“So – if you were going to build a hotel, and there is a market for a sector that is completely untapped, you’d want to know more. That sector is worth millions, and when we designed this hotel, this was firmly in our minds. The decision to create a fully inclusive building wasn’t simply down to being philanthropic but was designed to tap into a rich demand for accessible hotel rooms and facilities. When we got everyone together – Squid Inc (Designers of the hotel), Marshall Construction (builders), and a firm called Motion Spot, who specialise in accessible design, it was very quickly the case of like-minded firms working together to answer a simple question – What can we create that will make a difference?
“It doesn’t just stop there. What I’ve been doing is reaching out to many different organisations to build training programmes for our staff. People like Ruthy Fletcher of the British Deaf Association for example, who has given fantastic help in creating a programme that includes signing for our guys to look after clients. As we have developed our team, the skills they are learning now will also help brilliantly in their future careers.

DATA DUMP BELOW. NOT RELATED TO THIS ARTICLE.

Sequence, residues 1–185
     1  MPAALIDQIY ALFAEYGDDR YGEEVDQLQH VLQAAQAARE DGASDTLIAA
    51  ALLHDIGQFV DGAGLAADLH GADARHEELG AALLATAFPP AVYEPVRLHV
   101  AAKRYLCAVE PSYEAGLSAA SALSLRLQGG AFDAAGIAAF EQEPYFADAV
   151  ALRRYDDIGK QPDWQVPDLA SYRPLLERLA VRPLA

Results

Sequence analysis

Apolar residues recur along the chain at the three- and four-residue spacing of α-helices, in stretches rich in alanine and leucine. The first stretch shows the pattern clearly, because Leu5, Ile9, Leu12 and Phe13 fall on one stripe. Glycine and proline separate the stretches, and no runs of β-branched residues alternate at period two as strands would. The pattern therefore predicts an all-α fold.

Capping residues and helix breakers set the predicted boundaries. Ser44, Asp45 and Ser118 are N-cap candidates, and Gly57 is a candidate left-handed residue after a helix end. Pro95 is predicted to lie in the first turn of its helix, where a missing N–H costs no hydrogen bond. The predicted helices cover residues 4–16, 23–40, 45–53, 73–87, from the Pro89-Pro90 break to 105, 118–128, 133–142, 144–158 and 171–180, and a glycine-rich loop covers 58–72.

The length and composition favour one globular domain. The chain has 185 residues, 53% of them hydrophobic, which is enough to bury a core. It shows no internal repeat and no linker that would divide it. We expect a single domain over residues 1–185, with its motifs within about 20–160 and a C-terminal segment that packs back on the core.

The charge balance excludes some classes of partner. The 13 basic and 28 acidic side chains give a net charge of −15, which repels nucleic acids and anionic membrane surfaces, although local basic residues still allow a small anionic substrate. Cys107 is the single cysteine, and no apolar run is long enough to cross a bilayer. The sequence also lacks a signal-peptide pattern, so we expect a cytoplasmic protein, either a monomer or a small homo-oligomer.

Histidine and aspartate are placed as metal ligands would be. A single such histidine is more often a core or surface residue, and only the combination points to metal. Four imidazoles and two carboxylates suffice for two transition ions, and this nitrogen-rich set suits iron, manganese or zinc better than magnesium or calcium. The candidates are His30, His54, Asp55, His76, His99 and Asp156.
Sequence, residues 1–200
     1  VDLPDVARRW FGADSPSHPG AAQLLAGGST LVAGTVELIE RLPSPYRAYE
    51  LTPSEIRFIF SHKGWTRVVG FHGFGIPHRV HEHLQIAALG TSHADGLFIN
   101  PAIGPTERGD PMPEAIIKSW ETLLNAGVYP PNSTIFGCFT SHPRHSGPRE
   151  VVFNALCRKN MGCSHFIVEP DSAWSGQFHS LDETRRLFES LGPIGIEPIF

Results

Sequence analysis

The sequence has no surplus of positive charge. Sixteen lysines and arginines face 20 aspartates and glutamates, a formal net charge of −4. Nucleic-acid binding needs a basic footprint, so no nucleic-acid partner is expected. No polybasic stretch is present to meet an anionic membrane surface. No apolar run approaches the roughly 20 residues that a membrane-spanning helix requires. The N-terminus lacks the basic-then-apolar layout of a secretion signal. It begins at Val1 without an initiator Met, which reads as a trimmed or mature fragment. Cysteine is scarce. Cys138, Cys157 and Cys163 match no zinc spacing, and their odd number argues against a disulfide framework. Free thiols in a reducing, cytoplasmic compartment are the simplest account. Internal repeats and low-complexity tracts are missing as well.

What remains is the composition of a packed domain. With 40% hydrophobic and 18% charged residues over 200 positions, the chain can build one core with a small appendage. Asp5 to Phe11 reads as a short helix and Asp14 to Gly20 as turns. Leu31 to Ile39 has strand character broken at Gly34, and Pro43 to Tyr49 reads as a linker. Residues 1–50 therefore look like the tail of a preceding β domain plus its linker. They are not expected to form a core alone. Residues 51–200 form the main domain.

“I also got involved with a company called pure innovations a number of years ago. They do incredible work providing independence and support for people with disabilities and disadvantaged groups to get into work. We’ve provided employment for a couple of guys, and it’s fantastic to see how they have been integrated within our team so quickly. Inclusivity is hugely important to us and is just as relevant to our staff as to our customers.”